There aren’t really a lot of alarms specifically designed for narrowboats, although some are made for boats in general. If you can’t locate a good boat specific alarm, be aware that a car alarm also runs on 12 volts and could therefore be easily fitted to a narrowboat too. For most people, these types of alarms are overkill though.
Consider Having a Dog
If you have done all of these the things mentioned so far and are still worried, having a dog to guard your canal boat could be the final piece in the puzzle. Many burglars will be startled by the movement and noise a dog would make when they hear a stranger trying to come aboard (and trust me, they will know well before you do).
The bigger and scarier the dog, the better! A poodle isn’t going to cut it!
Most burglars won’t bother attempting to break and enter a dwelling if they think that someone is up and active there. Fake TV’s offer a surprisingly realistic alternative to a real TV when viewed from outside the boat.
The array of light that comes out of the fake TV perfectly mimics the real thing. This allows you to give the impression someone is home and watching TV even if they are not. If you buy a good one it will also have a timer to turn it on at certain times. Below is one example on Amazon. Click the image to view it over there.
These fake TVs use far less electricity than a real TV, making them perfect for use on a boat.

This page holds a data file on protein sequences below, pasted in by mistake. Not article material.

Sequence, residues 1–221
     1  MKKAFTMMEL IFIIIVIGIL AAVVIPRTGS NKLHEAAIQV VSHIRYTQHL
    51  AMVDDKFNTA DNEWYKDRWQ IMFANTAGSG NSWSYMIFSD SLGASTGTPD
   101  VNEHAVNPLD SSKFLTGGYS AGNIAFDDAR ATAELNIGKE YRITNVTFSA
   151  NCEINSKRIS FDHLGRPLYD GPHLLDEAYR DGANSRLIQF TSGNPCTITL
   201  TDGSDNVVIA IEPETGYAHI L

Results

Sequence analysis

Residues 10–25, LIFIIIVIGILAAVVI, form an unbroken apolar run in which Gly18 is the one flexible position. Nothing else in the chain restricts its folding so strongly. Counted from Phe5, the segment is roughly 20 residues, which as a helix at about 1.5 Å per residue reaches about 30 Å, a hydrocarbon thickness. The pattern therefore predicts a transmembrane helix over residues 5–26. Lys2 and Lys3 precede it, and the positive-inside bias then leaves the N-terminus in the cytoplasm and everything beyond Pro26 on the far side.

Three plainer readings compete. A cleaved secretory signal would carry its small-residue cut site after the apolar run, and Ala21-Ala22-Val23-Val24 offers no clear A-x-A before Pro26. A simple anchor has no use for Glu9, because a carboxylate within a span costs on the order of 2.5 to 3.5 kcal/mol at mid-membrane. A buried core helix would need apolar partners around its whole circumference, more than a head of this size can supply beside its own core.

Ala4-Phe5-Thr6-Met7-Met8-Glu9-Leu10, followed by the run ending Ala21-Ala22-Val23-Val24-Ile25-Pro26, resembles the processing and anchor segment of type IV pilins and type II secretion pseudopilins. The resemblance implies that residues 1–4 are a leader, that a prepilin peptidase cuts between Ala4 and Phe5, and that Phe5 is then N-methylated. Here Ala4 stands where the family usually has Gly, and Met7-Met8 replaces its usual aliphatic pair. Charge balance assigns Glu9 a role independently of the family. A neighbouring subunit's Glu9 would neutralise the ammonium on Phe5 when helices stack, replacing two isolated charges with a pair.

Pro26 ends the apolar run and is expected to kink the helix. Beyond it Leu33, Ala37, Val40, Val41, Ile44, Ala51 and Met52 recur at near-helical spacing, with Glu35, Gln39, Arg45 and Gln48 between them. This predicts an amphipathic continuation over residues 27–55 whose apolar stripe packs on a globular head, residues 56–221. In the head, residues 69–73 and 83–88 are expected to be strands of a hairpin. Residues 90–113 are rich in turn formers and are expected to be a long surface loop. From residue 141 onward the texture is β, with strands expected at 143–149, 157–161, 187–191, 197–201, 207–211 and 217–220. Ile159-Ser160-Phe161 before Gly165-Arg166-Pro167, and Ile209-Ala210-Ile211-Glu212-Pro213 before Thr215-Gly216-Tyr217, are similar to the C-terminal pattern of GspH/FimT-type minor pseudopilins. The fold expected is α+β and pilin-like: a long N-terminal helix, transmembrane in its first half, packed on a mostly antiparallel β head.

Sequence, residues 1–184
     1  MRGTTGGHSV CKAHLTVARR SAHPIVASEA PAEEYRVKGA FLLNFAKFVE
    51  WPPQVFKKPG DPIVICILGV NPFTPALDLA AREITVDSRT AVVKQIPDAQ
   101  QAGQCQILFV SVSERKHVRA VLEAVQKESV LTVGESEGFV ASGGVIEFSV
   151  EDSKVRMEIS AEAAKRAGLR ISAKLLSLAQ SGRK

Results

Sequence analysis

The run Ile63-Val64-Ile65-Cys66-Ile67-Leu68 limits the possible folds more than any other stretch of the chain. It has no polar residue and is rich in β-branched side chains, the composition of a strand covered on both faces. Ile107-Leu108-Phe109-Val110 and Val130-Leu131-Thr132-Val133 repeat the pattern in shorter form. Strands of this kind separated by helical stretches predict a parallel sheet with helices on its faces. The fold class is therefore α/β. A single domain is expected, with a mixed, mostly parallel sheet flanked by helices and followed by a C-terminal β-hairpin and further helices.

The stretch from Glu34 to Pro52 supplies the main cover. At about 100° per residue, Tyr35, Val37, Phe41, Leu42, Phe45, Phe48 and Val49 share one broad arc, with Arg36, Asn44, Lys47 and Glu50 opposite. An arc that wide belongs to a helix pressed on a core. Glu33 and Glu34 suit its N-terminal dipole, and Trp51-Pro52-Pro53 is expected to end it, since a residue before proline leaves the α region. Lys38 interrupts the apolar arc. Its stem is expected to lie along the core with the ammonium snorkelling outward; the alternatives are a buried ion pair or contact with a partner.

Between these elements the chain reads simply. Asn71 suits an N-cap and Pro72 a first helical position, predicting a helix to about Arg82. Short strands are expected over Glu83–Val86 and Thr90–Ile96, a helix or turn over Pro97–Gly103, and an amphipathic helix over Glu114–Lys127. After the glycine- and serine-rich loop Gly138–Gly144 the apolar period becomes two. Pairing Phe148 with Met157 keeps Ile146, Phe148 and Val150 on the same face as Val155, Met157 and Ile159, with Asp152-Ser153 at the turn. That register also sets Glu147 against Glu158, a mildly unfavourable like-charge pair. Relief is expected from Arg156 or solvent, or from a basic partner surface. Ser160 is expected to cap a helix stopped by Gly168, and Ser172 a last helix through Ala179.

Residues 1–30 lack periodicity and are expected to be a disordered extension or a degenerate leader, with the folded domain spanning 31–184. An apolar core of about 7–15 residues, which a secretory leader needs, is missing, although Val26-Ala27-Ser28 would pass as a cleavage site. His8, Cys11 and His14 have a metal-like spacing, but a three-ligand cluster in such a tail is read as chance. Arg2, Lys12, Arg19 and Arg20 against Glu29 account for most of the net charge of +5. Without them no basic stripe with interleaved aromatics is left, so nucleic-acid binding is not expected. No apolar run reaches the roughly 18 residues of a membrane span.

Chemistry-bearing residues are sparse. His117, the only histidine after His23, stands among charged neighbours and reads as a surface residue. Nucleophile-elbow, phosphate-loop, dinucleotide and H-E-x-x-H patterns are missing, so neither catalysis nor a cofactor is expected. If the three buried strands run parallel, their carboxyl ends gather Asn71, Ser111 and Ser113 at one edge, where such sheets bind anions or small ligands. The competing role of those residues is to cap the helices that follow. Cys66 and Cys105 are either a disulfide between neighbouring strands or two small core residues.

What Would We Recommend for Most Narrowboat Owners?
When looking at all the different options mentioned in this article, we would recommend a simple starting point for most people. Installing CCTV and alarms well enough to not be easily disabled would be a difficult and potentially expensive process. In most cases this would be over the top!
Just make sure all the doors on your boat are made from strong material and have strong locks and padlocks securing them. A great majority of burglaries are crimes of opportunity. Simply keep your boat well secured to take away that opportunity in the first place.
The second layer I would add is to be smart with the location of your boat. When outside the safety of marinas make sure to only moor up next to quiet and secluded places on the towpath during the week-day evenings!
With these simple steps, you shouldn’t have to worry about the more complex options mentioned above.
What do you think? If you are an avid canal boater and have your own opinion, we would love to hear all about them in the comments section below.